A view of the Mawddach Estuary on a clear spring day with woodland lining the shores.
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Prehistoric hillforts, roman remains and internationally recognised castles

The National Park exhibits a wealth of archaeological remains, many of which are important on an international level. From UNESCO World Heritage sites to fantastic roman remains, Eryri’s archaeology is one of its defining features.

Prehistoric Archaeology

Cairns and Burial Chambers

A cairn is a man-made pile or heap of stones. Cairns come in different shapes and forms and would be built in prehistoric times to serve as memorials, burial grounds or ceremonial locations.

There are many examples of prehistoric cairns and burial chambers within the boundaries of the National Park.

Bryn Cader Faner, near Trawsfynydd, is a striking example of a cairn, with its sharp pillars surrounding the round stone pile.

Another extraordinary burial chamber in the National Park is Capel Garmon Burial Chamber. The characteristics of this chamber are very similar to those of chambers found in the Cotswolds in England. The fact that Capel Garmon Burial Chamber shares these features is something of a mystery.


There are thirty hillforts in Eryri National Park, and although some sites have been excavated, dating these historical sites remains difficult.

In addition, there is debate regarding the exact purposes of these forts. Some may have been built for defensive purposes and others for religious or decorative purposes.

Between 1979 and 1985, the National Park Authority carried out excavation work on Bryn y Castell, a hillfort near Ffestiniog. The work showed that the main activity at Bryn y Castell was the production of iron. Excavations uncovered waste slag, hearths, stone hammers and even glass bracelets.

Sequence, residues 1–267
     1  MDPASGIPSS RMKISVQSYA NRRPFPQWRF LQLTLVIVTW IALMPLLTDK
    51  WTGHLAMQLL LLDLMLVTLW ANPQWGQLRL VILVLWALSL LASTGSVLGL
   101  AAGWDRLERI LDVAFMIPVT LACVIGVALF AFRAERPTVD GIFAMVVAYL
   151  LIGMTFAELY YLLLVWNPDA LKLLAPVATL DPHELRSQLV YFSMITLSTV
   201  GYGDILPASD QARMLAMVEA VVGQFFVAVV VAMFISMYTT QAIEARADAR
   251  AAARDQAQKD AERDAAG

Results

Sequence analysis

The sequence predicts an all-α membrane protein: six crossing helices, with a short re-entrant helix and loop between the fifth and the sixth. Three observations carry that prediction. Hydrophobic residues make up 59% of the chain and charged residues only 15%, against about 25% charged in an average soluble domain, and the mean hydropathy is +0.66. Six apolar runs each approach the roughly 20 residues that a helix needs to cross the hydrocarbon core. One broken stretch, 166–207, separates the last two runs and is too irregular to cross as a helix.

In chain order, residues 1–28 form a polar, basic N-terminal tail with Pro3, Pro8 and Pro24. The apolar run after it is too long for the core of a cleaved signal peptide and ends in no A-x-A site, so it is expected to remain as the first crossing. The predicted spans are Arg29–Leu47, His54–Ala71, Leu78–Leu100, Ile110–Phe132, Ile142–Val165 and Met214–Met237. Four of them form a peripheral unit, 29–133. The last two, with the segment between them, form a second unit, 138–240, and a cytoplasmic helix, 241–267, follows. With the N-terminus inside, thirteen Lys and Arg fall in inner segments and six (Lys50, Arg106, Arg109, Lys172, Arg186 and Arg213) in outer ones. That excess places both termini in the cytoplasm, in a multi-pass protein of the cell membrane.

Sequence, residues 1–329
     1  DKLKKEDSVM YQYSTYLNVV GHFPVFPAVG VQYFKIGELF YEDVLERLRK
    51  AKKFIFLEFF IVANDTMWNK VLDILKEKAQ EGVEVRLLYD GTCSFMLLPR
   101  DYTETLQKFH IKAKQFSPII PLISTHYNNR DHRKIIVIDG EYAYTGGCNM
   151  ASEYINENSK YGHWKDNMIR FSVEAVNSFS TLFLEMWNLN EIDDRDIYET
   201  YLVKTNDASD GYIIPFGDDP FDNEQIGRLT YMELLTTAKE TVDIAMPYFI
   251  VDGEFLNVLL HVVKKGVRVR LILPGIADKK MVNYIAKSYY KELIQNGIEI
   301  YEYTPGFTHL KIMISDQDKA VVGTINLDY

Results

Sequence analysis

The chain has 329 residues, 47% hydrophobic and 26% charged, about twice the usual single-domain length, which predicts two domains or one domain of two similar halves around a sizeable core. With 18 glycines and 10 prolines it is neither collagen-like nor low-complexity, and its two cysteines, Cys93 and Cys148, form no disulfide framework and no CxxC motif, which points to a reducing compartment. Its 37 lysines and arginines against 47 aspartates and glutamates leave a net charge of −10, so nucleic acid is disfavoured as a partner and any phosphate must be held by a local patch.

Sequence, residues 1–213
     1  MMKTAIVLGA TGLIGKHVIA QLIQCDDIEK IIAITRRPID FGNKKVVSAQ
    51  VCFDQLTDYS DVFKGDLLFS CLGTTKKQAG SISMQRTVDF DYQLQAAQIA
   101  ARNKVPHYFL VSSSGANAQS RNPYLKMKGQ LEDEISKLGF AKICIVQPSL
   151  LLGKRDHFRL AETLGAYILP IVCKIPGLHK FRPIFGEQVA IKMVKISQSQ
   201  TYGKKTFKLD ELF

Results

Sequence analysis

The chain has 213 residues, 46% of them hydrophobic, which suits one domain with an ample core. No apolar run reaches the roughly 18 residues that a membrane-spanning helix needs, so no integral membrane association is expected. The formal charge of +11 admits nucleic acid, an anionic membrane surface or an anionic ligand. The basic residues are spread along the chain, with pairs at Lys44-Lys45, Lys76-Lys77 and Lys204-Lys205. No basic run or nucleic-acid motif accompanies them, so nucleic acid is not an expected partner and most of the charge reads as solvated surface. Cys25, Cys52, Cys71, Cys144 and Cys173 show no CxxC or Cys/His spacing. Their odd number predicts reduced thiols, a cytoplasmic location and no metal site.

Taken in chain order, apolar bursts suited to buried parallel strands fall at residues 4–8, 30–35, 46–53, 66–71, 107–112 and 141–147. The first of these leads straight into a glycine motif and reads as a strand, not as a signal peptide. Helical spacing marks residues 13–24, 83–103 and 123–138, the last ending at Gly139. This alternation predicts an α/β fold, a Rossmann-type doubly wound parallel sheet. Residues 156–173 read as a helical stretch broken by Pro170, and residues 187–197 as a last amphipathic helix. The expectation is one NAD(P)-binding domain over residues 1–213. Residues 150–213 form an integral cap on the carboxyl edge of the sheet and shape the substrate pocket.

Roman archaeology

In the Carneddau area, a Roman mountain pass runs between the peaks of Tal y Fan and Y Drum. This area is known as Bwlch-y-Ddeufaen, as two standing stones or monoliths are placed at either end of the road. This Roman road connected Caerhun and Caernarfon.

The archaeological remains of Eryri show how people lived in the area as far back as 6,000 years ago.
Archaeological highlights of Eryri

A landscape rich in archaeology.

Bryn Cader Faner
An impressive Bronze Age cairn in the Trawsfynydd area.
Harlech Castle
One of Edward I's impressive military castles, built between 1282 and 1289.
Dolwyddelan Castle
Castle built by Llywelyn the Great in the early 13th century.
Roman mountain pass that led to Caernarfon, or Segontium as it was known to the Romans.

Medieval Archaeology

Medieval Wales was divided into kingdoms very different from the counties we know today. A different king or prince ruled each kingdom. The kings and princes of these kingdoms built stone castles all over north-west Wales. Many of these castles remain visible, with most still standing today.

The best examples of the castles of Welsh kings and princes include Harlech Castle, Cricieth Castle and Castell y Bere.

Between 1277 and 1283, many of these castles were conquered by English armies.

This was a period of intense warfare between some of the kingdoms of England and Wales that led to Edward I, king of England from 1272-1307, building a series of military castles at several sites in north-west Wales.

These medieval castles have been awarded UNESCO World Heritage Site status.

Extensive prehistoric settlements and fields

In Roman times, people began to take advantage of Eryri’s agricultural potential. They built houses and shelters throughout the land and stone walls to create fields for animals.

The remains of these houses and fields are widely scattered across the valleys and uplands of Eryri. Dating back over 2,000 years, they are among the best and most intricate examples of prehistoric settlements and fields in Europe.